Points in favour of open exam:
There is no fixed date or place for the exam. With many different Universities IITs and what-not we do lose students who are for one reason or another unable to come to a particular place on a particular day. From the time we started the open exam the number of candidates appearing for the test has increased dramatically.
The paper closely indicates the nature of problem-solving that is involved when getting a Ph.D. The problems consist of parts that can in principle be solved and put together the result is a reasonably interesting theorem. Problems of this nature cannot be put in a written exam due to time limitations. The paper does not demand a knowledge-base.
Many teachers (yes!) and students are encouraged to think about problems of the kind we are interested in. The questions asked contribute to the growth of mathematical culture in universities.
Since the interview is the basis of selection, the problem of "copying" is not serious. On the one hand if students discuss the questions with their teachers and other students it encourages them to engage in collaborative work---another aspect of research. It is expected (and checked at the time of interview) that they understand the solution they present in toto---another aspect of collaborative research.
(It is important that we decide in advance what score is adequate in order to alleviate the possibility the problem of missing an "honest" candidate from one who "merely copied". In other words we if we decide that a score of 40/100 is enough we should call all the students who have attained that score even if the number is 100 or more!)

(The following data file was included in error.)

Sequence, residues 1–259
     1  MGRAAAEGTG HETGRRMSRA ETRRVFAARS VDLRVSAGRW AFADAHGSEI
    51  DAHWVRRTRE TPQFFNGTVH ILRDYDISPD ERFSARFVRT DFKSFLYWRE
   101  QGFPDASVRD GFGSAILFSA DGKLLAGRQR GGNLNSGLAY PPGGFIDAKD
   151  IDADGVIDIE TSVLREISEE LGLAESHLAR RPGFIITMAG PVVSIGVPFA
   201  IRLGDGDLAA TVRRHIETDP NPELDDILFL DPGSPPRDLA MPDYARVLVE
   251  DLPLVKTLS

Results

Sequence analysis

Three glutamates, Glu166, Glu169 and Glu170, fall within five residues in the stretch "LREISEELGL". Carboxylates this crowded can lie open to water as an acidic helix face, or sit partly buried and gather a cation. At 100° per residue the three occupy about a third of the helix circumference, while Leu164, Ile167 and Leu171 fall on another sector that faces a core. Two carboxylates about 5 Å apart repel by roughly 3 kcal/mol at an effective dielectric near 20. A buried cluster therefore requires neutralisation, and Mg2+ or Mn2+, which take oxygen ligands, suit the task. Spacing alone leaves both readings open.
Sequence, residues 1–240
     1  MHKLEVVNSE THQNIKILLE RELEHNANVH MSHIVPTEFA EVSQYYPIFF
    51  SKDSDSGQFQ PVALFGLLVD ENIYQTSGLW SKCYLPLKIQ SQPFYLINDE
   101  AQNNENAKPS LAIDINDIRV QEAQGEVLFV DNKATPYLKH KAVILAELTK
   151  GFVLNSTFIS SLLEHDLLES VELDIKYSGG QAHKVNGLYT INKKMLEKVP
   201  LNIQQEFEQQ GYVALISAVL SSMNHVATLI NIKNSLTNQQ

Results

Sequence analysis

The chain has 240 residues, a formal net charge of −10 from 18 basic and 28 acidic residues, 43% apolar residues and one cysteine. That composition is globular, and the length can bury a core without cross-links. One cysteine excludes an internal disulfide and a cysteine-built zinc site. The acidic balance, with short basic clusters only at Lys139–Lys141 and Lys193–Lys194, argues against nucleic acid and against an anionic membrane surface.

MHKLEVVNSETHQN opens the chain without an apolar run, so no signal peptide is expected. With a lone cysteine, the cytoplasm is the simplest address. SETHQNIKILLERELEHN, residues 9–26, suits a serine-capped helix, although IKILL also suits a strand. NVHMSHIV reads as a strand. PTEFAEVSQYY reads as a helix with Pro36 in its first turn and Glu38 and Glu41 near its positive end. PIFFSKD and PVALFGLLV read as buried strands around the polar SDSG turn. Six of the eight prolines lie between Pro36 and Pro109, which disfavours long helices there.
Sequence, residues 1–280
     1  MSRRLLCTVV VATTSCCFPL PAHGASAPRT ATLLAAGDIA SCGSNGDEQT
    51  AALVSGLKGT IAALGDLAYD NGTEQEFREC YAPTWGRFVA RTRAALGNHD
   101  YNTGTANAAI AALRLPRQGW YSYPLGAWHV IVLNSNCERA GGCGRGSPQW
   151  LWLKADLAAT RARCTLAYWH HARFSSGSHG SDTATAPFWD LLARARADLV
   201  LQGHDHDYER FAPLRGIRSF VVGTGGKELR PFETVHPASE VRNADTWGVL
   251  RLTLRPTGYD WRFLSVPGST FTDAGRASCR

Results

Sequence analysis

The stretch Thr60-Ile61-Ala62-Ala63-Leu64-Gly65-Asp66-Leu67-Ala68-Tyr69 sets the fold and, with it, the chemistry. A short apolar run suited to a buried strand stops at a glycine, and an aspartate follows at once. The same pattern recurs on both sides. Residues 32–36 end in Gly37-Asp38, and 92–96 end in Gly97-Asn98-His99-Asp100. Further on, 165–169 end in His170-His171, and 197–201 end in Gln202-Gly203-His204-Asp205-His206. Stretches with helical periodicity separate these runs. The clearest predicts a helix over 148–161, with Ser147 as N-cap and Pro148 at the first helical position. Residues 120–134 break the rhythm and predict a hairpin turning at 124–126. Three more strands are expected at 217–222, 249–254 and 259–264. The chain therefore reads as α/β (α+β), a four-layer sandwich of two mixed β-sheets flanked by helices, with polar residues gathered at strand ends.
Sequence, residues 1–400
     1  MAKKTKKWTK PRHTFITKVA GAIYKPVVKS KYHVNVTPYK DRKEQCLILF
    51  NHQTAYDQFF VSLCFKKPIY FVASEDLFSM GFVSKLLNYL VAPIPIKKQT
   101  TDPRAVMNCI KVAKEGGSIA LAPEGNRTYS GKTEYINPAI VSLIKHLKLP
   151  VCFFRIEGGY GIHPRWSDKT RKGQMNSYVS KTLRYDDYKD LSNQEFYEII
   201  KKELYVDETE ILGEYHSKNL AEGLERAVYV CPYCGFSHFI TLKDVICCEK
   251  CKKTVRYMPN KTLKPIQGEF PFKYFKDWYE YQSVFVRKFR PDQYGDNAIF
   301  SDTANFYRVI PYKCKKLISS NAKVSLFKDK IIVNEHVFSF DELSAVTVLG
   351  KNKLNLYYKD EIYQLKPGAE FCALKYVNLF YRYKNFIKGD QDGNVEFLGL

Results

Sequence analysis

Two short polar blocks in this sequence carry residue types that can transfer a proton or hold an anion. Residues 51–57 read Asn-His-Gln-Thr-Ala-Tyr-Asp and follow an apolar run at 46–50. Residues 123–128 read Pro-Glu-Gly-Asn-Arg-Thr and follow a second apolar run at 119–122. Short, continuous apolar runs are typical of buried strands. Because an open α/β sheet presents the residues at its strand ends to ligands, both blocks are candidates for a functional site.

Counterpoint in favour of open exam:
- In view of the above, the extra work involved in correction and the extra work involved in interviewing is not much. According to the last time when IMSc did the correction the extra faculty hours used in this work amounts to about 50-80 person hours per year. (HRI faculty appear to have a much larger figure).
Here are the points that I know in favour of the written exam:
A. The system is traditional. It is tried and tested and does the job. Students know what to expect.
B. The correction is much quicker. If one insists on "objective-type" tests it can be fully automated!
C. The test is better at screening poor candidates since the possibility of copying is reduced. For example in Computer Science at IMSc they do not correct the "non-objective-type" questions unless the student has scored a certain minimum on the "objective-type".
The additional counterpoints in favour of the written exam:
D. Even granting all the benefits of the open exam, the increase in applications has not led to an increase in actual JRF's selected.
E. The job of taking mathematics to the universities should be pursued through some other channels.